Take a look at some of our current and recently completed projects

Home-based Exercise for Strength Training (H-BEST)

Home-based exercise for strength training (H-BEST) is a feasibility study to determine adherence to home-based exercise in women with endometrial cancer. This 10 week randomized controlled trial consists of an resistance exercise arm, and a wait-list control arm. Women in the resistance exercise arm will be asked to complete twice-weekly home-based strength training with the materials that we provide. The primary outcome is feasibility of recruiting and retaining endometrial cancer survivors. Secondary and exploratory aims include participant satisfaction, feasibility of functional and objective assessments and safety of this intervention. This study is currently recruiting eligible endometrial cancer type 1, stage I-IIIc survivors, aged 18-74, with a diagnosis within the past 5 years with primary treatment completed. If you fit these criteria and are interested in participating, please contact Jess Gorzelitz ([email protected]).
Recruiting now!
Validation of activity pattern recognition on fitness trackers
This project tested the accuracy of pattern recognition software for automatically recognizing a range of physical activities. 128 data collection sessions were conducted across four different activity modules. Data collection has been completed and results are submitted for publication. This study was led by graduate student Diana Dorn.
Physical activity needs in rural Wisconsin women
This project uses a mixed-methods approach to understanding the attitudes and needs of rural Wisconsin women as they relate to physical activity and technology. Participants residing in targeted county clusters are identified through the Survey of the Health of Wisconsin (SHOW). Click here to learn more about SHOW.
Funded by the Virginia Horne Henry Foundation
Sedentary Behavior and Breast Cancer: Interventions and Biomarkers
Sedentary Behavior Trial for Breast Cancer Survivors
Given mounting research demonstrating the metabolic harms of excessive sedentary time, this study is designed to explore some of the ways that we can help cancer survivors to reduce and/or re-pattern the amount of time they spend seated. This 3-group randomized controlled trial included 60 post-menopausal breast cancer survivors (Stage 0-III). Each participant was randomly assigned to one of three groups focused on (1) reducing overall sitting time, (2) re-patterning sitting time using standing breaks, or (3) usual lifestyle. The primary outcome measure was the ActivPal inclinometer, with physical activity outcomes supplied by the ActiGraph GT3X+.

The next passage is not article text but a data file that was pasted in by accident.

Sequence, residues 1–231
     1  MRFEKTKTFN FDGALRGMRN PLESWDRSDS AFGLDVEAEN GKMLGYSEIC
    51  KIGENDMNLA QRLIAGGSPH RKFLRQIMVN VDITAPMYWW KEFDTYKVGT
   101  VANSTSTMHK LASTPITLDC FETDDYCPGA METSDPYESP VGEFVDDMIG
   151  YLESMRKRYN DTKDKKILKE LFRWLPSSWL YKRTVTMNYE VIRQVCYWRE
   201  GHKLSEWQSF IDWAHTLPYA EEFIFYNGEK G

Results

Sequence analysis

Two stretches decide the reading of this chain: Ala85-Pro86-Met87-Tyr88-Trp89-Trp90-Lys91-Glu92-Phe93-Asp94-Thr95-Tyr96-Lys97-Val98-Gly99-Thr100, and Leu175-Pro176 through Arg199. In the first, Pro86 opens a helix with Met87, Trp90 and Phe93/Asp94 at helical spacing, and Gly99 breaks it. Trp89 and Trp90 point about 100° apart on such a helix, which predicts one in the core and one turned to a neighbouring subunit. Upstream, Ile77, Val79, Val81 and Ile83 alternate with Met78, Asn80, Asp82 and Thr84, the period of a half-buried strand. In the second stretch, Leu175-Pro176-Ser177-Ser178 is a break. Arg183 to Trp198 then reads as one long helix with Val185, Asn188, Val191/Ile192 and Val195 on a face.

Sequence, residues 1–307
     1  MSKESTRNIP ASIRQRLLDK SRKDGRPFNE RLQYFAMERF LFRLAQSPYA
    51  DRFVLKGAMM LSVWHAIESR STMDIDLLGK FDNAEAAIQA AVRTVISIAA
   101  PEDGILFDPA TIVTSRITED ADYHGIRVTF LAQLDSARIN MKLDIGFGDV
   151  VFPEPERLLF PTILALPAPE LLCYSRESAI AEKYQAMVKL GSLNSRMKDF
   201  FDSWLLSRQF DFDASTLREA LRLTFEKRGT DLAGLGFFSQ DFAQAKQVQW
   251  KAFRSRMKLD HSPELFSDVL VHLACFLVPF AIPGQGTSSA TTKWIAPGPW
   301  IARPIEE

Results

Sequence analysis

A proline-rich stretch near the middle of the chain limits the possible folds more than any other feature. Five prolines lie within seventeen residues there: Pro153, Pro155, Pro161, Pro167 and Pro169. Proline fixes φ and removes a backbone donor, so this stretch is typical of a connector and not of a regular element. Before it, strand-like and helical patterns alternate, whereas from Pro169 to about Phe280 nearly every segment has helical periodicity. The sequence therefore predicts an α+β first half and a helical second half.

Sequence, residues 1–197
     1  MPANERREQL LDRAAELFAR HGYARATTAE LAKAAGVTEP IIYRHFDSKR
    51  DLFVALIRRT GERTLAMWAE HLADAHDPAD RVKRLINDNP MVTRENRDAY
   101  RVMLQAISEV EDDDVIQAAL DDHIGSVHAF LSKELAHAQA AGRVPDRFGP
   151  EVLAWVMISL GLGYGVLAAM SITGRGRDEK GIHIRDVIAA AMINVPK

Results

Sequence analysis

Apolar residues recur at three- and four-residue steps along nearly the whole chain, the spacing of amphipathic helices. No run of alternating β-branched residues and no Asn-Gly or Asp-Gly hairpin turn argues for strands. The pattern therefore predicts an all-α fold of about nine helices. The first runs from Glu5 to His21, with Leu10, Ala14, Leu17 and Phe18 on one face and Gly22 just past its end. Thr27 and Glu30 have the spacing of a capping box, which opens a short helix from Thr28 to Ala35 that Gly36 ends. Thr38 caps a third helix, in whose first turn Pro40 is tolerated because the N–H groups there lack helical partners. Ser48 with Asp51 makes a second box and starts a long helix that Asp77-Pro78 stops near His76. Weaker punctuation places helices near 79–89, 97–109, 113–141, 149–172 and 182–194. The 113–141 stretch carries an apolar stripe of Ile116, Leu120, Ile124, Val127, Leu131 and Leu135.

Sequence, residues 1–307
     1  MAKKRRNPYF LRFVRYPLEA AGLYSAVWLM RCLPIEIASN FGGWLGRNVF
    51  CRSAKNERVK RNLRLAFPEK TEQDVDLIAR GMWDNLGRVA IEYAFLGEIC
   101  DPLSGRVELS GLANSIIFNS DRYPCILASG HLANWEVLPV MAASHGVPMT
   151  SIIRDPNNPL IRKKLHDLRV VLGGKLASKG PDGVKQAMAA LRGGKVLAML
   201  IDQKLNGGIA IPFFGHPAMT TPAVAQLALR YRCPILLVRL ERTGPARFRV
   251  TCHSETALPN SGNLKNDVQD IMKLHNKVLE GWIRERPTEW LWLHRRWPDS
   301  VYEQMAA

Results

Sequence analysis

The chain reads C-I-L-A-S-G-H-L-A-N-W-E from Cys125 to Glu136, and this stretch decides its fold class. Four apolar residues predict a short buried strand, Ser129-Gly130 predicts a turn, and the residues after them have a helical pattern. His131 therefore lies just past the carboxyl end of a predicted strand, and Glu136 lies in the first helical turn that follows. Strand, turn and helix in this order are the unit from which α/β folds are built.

Data collection is now complete and analysis is underway. Thanks to all of the fantastic women who participated in this research!
Funded by the National Cancer Institute (1K07178870; PI: Cadmus-Bertram)
Recruitment completed!
The Planning for Active Living Study (PALS) 
This 12-week randomized controlled trial tested the use of Survivorship Care Plans as a mechanism for delivery a technology-based physical activity intervention for breast and colon cancer survivors. A Survivorship Care Plan is a document that summarizes an individual's cancer diagnosis and treatment and provides recommendations for follow-up care and healthy lifestyle behaviors.

This study is completing is a partnership with Gilda's Club of Madison and Breast Cancer Recovery . Participants were UW Health patients with a diagnosis of Stage I-III breast or colorectal cancer within the past 5 years. Data collection is complete and analysis is underway.
Funded by the UW Institute for Clinical and Translational Research
(PI: Cadmus-Bertram)
Validation of Optical Heart Rate Monitors
This recently completed stuy examined the accuracy of the heart rate tracking functions of four popular fitness trackers: the Fitbit Charge HR, the Fitbit Surge, the Mio Fuse, and the Basis Peak. Results are under review for publication. Thank you to all the wonderful participants who helped with this study!